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arm, and thence entered the body of Indur, and mortally wounded him. He fell, but had the satisfaction of seeing his master remain lord of the field ; and the servants now coming up, made prisoners of the two wounded robbers. The master threw himself by the side of Indur, and expressed the warmest concern at the accident which had made him the cause of the death of the faithful animal that had preserved his life. Indur died licking his hand.

So generous a nature was now no longer to be annexed to a brutal form. Indur, awaking as it were from a trance, found himself again in the happy region he had formerly inhabited, and recommenced the innocent life of a Brachman. He cherished the memory of his transmigrations, and handed them down to posterity, in a relation from which the preceding account has been extracted for the amusement of my young readers.




Scene--A scattered Village almost hidden with Trees.


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Harford. THERE is the place. This is the green on which I played many a day with my companions ; there are the tall trees that I have so often climbed for birds' nests; and that is the pond where I used to sail my walnut-shell boats. What a crowd of mixed sensations rush on my mind! What pleasure, and what regret! Yes, there is some. what in our native soil that affects the mind in a manner different from every other scene in nature.

Beaumont. With you it must be merely the place ; for I think you can have no attachments of friendship or affection in it, considering your long absence, and the removal of all your family.

Harf. No, I have no family connexions, and indeed can scarcely be said ever to have had any; for, as you know, I was almost utterly neglected after the death of my father and mother, and while all my elder brothers and sisters were dispersed to one part, or another, and the little remaining property was disposed of, I was left with the poor people who nursed me, to be brought up just as they thought proper; and the little pension that was paid for me, entirely ceased after a few

years. Beaum. Then how were you afterwards supported ?

Harf. The honest couple who had the care of me continued to treat me with the greatest kindness; and poor as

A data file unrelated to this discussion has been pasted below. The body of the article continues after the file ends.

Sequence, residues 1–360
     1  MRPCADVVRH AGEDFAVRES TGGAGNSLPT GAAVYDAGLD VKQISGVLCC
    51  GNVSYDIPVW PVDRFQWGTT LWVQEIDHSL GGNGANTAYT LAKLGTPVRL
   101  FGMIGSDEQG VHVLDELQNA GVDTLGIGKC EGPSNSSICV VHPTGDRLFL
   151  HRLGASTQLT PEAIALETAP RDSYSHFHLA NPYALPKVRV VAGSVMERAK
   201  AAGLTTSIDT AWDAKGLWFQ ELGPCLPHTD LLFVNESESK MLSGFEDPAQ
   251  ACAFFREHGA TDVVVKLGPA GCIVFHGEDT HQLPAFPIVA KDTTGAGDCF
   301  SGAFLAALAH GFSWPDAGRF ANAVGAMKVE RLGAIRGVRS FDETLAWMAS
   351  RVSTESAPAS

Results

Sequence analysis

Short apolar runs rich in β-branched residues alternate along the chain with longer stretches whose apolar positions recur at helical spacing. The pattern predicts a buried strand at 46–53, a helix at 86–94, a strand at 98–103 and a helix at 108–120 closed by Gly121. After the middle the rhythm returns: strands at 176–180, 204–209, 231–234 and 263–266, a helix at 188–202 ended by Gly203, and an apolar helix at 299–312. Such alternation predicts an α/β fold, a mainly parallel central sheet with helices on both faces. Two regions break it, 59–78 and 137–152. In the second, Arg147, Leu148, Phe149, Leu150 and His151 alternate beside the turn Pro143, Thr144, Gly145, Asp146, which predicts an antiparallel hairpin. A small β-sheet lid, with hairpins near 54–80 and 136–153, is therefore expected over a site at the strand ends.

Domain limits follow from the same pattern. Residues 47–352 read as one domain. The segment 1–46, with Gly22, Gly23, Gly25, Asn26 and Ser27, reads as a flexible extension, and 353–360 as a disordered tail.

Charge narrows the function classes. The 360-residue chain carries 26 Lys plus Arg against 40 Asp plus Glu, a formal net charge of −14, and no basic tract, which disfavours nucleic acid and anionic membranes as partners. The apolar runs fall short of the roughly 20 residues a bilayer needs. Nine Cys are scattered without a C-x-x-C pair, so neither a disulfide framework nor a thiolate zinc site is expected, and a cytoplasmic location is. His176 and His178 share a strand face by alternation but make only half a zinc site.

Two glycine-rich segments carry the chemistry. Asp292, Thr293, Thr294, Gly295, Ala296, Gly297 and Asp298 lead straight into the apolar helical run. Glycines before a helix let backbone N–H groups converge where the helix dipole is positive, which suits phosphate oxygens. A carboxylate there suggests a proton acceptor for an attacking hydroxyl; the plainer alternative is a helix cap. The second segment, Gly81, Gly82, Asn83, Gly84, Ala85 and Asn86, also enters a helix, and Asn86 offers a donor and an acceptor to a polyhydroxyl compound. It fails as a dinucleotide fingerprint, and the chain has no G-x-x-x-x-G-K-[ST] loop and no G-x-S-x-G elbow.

they were, not only maintained me as a child of their own, but did all in their power to procure me advantages more suited to my birth, than my deserted situation. With the assistance of the worthy clergyman of the parish, they put me to a day-school in the village, clothed me decently, and being themselves sober religious persons, took care to keep me from vice. The obligations I am under to them will, I hope, never be effaced from my, memory, and it is on their account alone that I have undertaken this journey.

Beaum. How long did you continue with them?

Harf. Till I was thirteen. I then felt an irresistible desire to fight for my country; and learning by accident that a distant relation of our family was a captain of a man of war, I took leave of my worthy benefactors, and set off to the sea-port where he lay, the good


people furnishing me in the best manner they were able with necessaries for the journey. I shall never forget the tenderness with which they parted with

It was, if possible, beyond that of the kindest parents. You know my subsequent adventures, from the time of my becoming a midshipman, to my present state of first lieutenant of the Britannia. Though it is now fifteen years since my departure, I feel my affection for these good folks stronger than ever, and could not be easy without taking the first opportunity of seeing them,

Beaum. It is a great chance if they are both living.

Harf. I happened to hear by a young; man of the village, not long since, that they were ; but I believe much reduced in their circumstances.

Beaum. Whereabouts did they live ?
Harf. Just at the turning of this cor

But what's this I can't find the


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